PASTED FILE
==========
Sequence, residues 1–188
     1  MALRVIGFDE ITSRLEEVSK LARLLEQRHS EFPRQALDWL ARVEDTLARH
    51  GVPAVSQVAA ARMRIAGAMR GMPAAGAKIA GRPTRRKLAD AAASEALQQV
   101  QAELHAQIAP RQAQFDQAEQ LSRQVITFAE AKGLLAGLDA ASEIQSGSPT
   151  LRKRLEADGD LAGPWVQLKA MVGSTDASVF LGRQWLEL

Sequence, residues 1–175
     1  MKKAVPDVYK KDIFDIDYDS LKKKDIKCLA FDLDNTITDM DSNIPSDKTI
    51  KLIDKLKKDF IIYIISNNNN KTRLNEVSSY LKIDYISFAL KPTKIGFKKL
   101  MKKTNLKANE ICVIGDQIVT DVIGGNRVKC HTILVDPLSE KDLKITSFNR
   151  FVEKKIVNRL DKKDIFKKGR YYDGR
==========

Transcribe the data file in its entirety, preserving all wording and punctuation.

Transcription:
Sequence, residues 1–188
     1  MALRVIGFDE ITSRLEEVSK LARLLEQRHS EFPRQALDWL ARVEDTLARH
    51  GVPAVSQVAA ARMRIAGAMR GMPAAGAKIA GRPTRRKLAD AAASEALQQV
   101  QAELHAQIAP RQAQFDQAEQ LSRQVITFAE AKGLLAGLDA ASEIQSGSPT
   151  LRKRLEADGD LAGPWVQLKA MVGSTDASVF LGRQWLEL

Sequence, residues 1–175
     1  MKKAVPDVYK KDIFDIDYDS LKKKDIKCLA FDLDNTITDM DSNIPSDKTI
    51  KLIDKLKKDF IIYIISNNNN KTRLNEVSSY LKIDYISFAL KPTKIGFKKL
   101  MKKTNLKANE ICVIGDQIVT DVIGGNRVKC HTILVDPLSE KDLKITSFNR
   151  FVEKKIVNRL DKKDIFKKGR YYDGR